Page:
Pain management in cancer patients using a mobile app: study design of a randomized controlled trial

JMIR Res Protoc. 2014 Dec 12;3(4):e76. doi: 10.2196/resprot.3957.


Background: Despite the availability of effective medications and clinical guidelines for pain management, pain control is suboptimal in a sizeable proportion of patients with cancer pain. The National Comprehensive Cancer Network guidelines recommend a comprehensive and multimodal approach for management of cancer pain. We developed a mobile phone application, ePAL, based on clinical guidelines to empower patients for cancer pain management by prompting regular pain assessments and coaching for self-management.

Objective: The objective of this study is to evaluate the effect of a multidimensional mobile phone-based pain management application, ePAL, on controlling cancer pain and improving quality of life in patients with cancer pain being treated at an academic palliative care clinic.

Methods: The study will be implemented as a 2-arm randomized controlled trial with 110 adult patients with CP who own a mobile phone over a follow-up period of two months. Participants will be randomized to either the intervention group receiving ePAL and usual care or to a control group receiving only usual care. The brief pain inventory will be used to assess our primary outcome which is pain intensity. We will also evaluate the effect of the intervention on secondary outcomes which include the effect of the intervention on hospital utilization for pain crisis, quality of life, adherence to analgesic medications, barriers to pain control, anxiety and patient engagement. Instruments that will be used in evaluating secondary outcomes include the Brief Pain Inventory, Morisky Medication Adherence Scale, Barriers Questionnaire-II, Functional Assessment of Cancer Therapy-General, Edmonton Symptom Assessment System, Generalized Anxiety Disorder 7-item scale, and the Functional Assessment of Chronic Illness Therapy-Fatigue. The intention-to-treat approach will be used to evaluate outcomes. Our primary outcome, pain intensity, measured longitudinally over eight weeks, will be assessed by mixed model repeated analysis. Effect sizes will be calculated as mean group differences with standard deviations.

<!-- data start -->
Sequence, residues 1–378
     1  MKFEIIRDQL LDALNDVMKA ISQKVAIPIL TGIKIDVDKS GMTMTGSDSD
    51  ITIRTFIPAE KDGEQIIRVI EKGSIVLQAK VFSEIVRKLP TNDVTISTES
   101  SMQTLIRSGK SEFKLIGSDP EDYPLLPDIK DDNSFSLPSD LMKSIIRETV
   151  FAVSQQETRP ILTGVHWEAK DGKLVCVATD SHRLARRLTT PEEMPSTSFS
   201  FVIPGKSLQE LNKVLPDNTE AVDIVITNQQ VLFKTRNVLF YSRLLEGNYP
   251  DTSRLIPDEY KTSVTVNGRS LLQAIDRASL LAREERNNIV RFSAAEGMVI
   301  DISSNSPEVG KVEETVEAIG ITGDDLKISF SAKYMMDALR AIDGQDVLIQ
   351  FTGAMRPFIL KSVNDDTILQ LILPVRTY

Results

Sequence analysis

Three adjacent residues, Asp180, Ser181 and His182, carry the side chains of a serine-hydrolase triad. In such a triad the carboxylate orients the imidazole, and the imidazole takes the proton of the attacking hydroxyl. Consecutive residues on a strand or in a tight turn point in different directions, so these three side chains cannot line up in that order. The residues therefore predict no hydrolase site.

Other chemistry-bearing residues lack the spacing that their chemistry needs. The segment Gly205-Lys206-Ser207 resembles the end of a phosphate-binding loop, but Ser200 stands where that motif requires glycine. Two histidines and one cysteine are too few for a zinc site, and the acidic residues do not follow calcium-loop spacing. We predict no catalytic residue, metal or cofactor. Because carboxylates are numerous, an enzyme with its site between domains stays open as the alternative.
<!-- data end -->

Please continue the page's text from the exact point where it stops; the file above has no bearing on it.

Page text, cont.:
Results: The study is still in progress. We hope to have results by the end of 2015.

Conclusions: The multidimensional approach to pain management implemented on a mobile phone application could lead to significant improvements in patient outcomes.

Trial registration: NCT02069743; (Archived by WebCite at

Keywords: cancer pain; mHealth; mobile application; palliative care; randomized controlled trial; self care.

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